In the context of a co-financing agreement with the Swiss Agency for Development and Cooperation (SDC) focusing on the provinces of Balkh, Badakhshan and Takhar, BEPA also supports girls’ education and the promotion of women in teacher education. The teachers at nine girls’ schools (318 teachers, 86% female and 11,300 female students), and five Islamic Education Institutions (73 teachers, 41% female and 2,050 students, 52% female) received training in methodology and pedagogy, maths and science in 2013. The parent-teacher committees of the girls’ schools also benefited from BEPA’s activities in the region. Their 138 members – 42 of whom were women (approx. 30%) – participated in workshops on gender awareness and school development and implemented school development plans. Gender-awareness campaigns reached over 8,000 community members in six districts.

Results achieved so far
The programme advises the Education Ministry on implementing the second National Education Strategic Plan (NESP II). BEPA has submitted a detailed commentary on the draft of the third National Education Strategic Plan (NESP III).

BEPA provided the Ministry of Education with extensive strategic support in designing a comparative learning assessment study. The study was piloted in 2013 and is being implemented by the Education Quality Improvement Program (EQUIP) of the Ministry of Education.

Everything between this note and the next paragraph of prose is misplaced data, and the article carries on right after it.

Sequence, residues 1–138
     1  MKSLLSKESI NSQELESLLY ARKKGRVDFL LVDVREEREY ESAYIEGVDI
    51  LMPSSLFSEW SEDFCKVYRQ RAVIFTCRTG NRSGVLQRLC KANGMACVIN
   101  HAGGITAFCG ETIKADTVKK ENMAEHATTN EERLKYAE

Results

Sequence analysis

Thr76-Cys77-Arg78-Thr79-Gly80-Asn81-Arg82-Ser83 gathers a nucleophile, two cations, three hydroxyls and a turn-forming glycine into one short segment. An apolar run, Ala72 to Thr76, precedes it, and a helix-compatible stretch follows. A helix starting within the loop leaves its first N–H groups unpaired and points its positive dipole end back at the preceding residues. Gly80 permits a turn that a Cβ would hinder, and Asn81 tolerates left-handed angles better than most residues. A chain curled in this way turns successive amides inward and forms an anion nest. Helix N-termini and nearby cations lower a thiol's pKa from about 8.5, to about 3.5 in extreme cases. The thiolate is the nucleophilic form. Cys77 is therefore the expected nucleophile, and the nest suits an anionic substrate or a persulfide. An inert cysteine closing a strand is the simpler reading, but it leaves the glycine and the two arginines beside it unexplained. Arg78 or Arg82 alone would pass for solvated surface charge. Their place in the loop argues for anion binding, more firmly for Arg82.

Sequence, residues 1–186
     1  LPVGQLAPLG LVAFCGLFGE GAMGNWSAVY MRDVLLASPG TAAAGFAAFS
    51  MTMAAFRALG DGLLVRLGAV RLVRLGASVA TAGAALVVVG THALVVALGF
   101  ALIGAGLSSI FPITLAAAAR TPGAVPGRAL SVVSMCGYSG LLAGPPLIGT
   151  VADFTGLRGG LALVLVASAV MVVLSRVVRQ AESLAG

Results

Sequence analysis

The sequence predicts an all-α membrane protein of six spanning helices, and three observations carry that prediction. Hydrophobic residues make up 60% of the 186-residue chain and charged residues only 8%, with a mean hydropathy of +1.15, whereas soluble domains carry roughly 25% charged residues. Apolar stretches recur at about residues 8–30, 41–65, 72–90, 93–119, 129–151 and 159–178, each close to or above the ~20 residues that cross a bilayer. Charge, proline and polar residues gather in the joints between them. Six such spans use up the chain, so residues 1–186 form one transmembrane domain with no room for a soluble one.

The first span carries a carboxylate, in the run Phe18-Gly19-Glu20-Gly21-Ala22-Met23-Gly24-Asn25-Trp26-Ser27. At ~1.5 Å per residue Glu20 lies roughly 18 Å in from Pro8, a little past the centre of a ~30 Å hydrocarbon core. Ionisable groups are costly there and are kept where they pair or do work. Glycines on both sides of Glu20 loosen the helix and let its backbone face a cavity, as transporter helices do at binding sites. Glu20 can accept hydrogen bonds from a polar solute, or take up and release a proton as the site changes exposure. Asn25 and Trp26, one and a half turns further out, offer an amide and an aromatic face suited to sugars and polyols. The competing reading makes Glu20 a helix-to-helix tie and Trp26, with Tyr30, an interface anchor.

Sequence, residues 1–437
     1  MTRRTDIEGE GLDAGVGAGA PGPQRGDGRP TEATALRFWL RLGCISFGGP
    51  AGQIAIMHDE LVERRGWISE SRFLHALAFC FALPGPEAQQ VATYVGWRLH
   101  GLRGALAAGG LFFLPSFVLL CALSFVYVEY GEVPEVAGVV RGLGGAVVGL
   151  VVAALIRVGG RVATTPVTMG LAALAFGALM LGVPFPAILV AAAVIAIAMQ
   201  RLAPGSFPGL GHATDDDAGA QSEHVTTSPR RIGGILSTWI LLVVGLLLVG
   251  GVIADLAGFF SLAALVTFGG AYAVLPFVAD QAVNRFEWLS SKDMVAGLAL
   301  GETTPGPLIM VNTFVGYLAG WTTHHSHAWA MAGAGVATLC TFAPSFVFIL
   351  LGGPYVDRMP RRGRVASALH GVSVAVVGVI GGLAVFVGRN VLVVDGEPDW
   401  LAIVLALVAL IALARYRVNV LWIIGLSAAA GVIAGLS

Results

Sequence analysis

Between 2010 and 2012, a total of 31,341 student teachers completed their studies at a teacher training college (44.3% women). An additional 39,047 teachers without qualifications already working in schools (34.3% women) completed their course of study, so that they now fulfil the minimum requirements for teachers.

Towards the end of 2011, 95.4% of the student teachers who registered for the final exam successfully completed their course of study.

In 2012, 17,531 women began their studies at a teacher training college. This represents a 55% increase in the number of female enrolments over the previous year. No reliable figures are yet available for 2013, but the Education Ministry states that 19,500 new enrolments is a realistic estimate.

From 2009 to 2011, more than 90% of the 175,105 teachers (33% women) passed the nationally administered teacher’s competency test.